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Reductionism is useful, but only on simple systems rather than complex systems, as we need to focus on other variables such religion, socio-biology and culture.

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Outline reductionism Reductionism is where you break something really complex into a simpler explanation. All scientists (i.e. physicians, biologists and chemists) are interested in reductionist explanations and methods of research because reductionism is a useful tool, in the sciences and that it has led to major discoveries such as cures for illnesses and a better lifestyle. Rose identified three kinds of reductionism. Experimental reductionism, which reduces complex behaviours to operationalised variables that can be manipulated to determine cause and effect relationships. Reductionism is also an approach to the explanation in psychology, as the best explanations are those with the fewest sets of laws or principles. The principle of parsimony, or Occam's razor, states that, all explanations are equal, but the simpler explanation is to be preferred. Reductionism also serves as a philosophy that underlies psychology and science in general. If all science is unitary we should be able to reduce all explanations of behaviour to physical laws, and there should a universal language that all sciences speak. Outline and evaluate the cases for reductionism b. This kind of approach allows psychology to be scientific, as it enables a complex idea break down into simple predictions, which can be tested in a controlled way as seen in Peterson and Peterson trigram's experiment. ...read more.


First, behaviour is nothing more than the sum of its parts. Second, there is no special 'life force' added to the mix, no mental events that are independent of physical events: every physical event has a physical cause. However, there are argues against reductionism, as there is not necessarily complete continuity between humans and other animals. Schizophrenia, intelligence is different in each animal. Another, reason that could be against reductionism is that a reductionist approach may not give us meaningful information. For example, explaining signing one's name in terms of the muscle movements used tells us nothing about the meaning of this action. Also, cultural factors are not explained well by reductionist explanations, which is a weakness in itself. A further weakness of reductionism is that behaviour is too variable and influenced by too many factors for reductionist explanations to be helpful on their own. For example, humans are affected by social groups and culture to which they belong; this kind of factor is not taken into account. A further argument against reductionism is that, a more holistic or interactionist approach gives us a more realistic picture of human behaviour and experience. ...read more.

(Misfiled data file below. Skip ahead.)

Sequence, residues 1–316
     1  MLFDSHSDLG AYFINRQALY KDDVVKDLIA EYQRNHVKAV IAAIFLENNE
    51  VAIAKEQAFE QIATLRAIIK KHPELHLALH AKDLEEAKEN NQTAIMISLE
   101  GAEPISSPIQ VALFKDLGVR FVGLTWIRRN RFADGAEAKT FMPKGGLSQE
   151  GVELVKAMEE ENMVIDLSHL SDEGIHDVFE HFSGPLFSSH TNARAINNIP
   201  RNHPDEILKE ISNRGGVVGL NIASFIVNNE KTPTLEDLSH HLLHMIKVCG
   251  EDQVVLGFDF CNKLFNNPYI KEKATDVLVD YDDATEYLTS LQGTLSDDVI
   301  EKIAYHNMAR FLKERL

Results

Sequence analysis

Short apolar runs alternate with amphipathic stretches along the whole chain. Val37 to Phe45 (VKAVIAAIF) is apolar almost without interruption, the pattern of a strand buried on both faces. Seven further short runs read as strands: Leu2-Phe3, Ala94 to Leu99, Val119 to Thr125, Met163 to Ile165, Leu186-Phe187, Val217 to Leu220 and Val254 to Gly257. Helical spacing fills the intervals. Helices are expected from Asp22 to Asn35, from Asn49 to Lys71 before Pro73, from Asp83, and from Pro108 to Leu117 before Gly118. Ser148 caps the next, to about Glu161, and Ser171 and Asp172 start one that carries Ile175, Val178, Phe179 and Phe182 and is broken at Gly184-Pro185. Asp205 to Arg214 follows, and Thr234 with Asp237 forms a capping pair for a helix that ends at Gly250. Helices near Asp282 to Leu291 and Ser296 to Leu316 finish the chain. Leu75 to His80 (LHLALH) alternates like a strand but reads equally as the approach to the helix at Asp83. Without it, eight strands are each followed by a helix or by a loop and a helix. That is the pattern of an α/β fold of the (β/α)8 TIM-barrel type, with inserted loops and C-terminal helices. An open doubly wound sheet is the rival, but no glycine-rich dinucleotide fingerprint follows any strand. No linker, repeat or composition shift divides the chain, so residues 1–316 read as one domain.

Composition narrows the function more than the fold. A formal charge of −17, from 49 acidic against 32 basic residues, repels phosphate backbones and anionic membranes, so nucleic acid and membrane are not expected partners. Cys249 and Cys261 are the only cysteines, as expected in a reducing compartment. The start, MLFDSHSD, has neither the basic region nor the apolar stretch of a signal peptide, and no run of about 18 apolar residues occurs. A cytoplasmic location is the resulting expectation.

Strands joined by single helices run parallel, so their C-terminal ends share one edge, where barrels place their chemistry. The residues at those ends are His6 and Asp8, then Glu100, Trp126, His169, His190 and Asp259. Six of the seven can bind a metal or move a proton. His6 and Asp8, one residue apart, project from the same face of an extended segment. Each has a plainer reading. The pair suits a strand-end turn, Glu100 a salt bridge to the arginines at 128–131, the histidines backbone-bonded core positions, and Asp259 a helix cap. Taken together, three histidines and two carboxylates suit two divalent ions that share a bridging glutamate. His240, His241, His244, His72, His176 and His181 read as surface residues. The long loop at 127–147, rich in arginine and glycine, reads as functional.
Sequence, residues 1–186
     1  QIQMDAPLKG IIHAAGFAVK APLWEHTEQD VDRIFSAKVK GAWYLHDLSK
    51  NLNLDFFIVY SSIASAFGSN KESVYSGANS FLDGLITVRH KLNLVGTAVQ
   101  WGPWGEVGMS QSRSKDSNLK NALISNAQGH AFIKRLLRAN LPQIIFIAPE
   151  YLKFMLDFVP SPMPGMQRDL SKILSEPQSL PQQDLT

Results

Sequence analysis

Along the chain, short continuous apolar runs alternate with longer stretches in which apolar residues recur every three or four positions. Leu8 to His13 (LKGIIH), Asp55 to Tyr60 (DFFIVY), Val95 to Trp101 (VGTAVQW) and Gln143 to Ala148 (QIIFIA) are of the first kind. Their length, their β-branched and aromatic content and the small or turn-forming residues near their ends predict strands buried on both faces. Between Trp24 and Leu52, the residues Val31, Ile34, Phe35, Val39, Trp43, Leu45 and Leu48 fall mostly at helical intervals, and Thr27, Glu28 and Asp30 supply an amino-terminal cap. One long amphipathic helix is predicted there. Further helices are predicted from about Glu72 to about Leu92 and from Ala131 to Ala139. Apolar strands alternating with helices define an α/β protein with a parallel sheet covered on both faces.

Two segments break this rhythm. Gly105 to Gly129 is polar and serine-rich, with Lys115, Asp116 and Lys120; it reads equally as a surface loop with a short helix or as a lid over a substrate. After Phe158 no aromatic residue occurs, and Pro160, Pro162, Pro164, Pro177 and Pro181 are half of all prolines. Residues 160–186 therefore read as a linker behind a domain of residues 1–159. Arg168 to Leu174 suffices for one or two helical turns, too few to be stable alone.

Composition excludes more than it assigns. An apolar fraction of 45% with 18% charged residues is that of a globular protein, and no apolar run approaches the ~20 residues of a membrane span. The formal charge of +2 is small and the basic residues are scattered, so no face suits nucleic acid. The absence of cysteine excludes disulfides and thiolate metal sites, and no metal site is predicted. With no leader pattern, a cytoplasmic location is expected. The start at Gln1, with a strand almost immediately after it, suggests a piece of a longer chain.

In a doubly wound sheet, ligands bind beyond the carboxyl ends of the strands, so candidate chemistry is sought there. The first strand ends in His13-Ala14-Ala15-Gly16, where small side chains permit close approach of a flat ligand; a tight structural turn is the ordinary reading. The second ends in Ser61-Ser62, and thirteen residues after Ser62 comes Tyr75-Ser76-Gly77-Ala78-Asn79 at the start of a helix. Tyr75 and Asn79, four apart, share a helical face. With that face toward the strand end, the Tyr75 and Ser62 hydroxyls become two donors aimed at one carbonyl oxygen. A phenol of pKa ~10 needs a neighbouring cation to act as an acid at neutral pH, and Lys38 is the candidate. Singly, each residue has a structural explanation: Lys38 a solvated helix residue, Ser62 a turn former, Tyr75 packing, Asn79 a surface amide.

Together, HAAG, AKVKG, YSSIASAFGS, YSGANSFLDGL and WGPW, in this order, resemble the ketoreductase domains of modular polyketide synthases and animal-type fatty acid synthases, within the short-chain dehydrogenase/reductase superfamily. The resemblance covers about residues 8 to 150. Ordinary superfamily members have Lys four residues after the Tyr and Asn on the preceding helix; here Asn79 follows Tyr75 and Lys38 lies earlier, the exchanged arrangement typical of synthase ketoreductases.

If lower levels (e.g. physiological or behavioural explanations) are viewed in isolation, the meaning of behaviour may be overlooked, which may lead to fundamental errors of understanding. Wolpe misinterpreted the women's fear of insects, when in reality it was her husband, who had a nickname, and she was worried about their marital problem. So focusing on behavioural levels and ignoring meaning would have been wrong. Overall, Reductionism is useful, but only on simple systems rather than complex systems, as we need to focus on other variables such religion, socio-biology and culture. As these are seen as important factors as well, as Freud once said, psychologists need not only depend on medicine, but on literature, history, culture and sociology to make a great psychologist, because he believed that we needed to depend on other factors. We may not able to reduce now, but later in the future it might be possible. Also, reductionism has lead to major discoveries, but some discoveries have been proven wrong, such as smallpox, they said you need this certain drug to cure it, yet cowpox cured smallpox, so even in biology, reductionism isn't as useful as it seems. You have to have a wider picture to understand it all, as thinking that one factor is the cause; can be seen as entirely wrong. ...read more.

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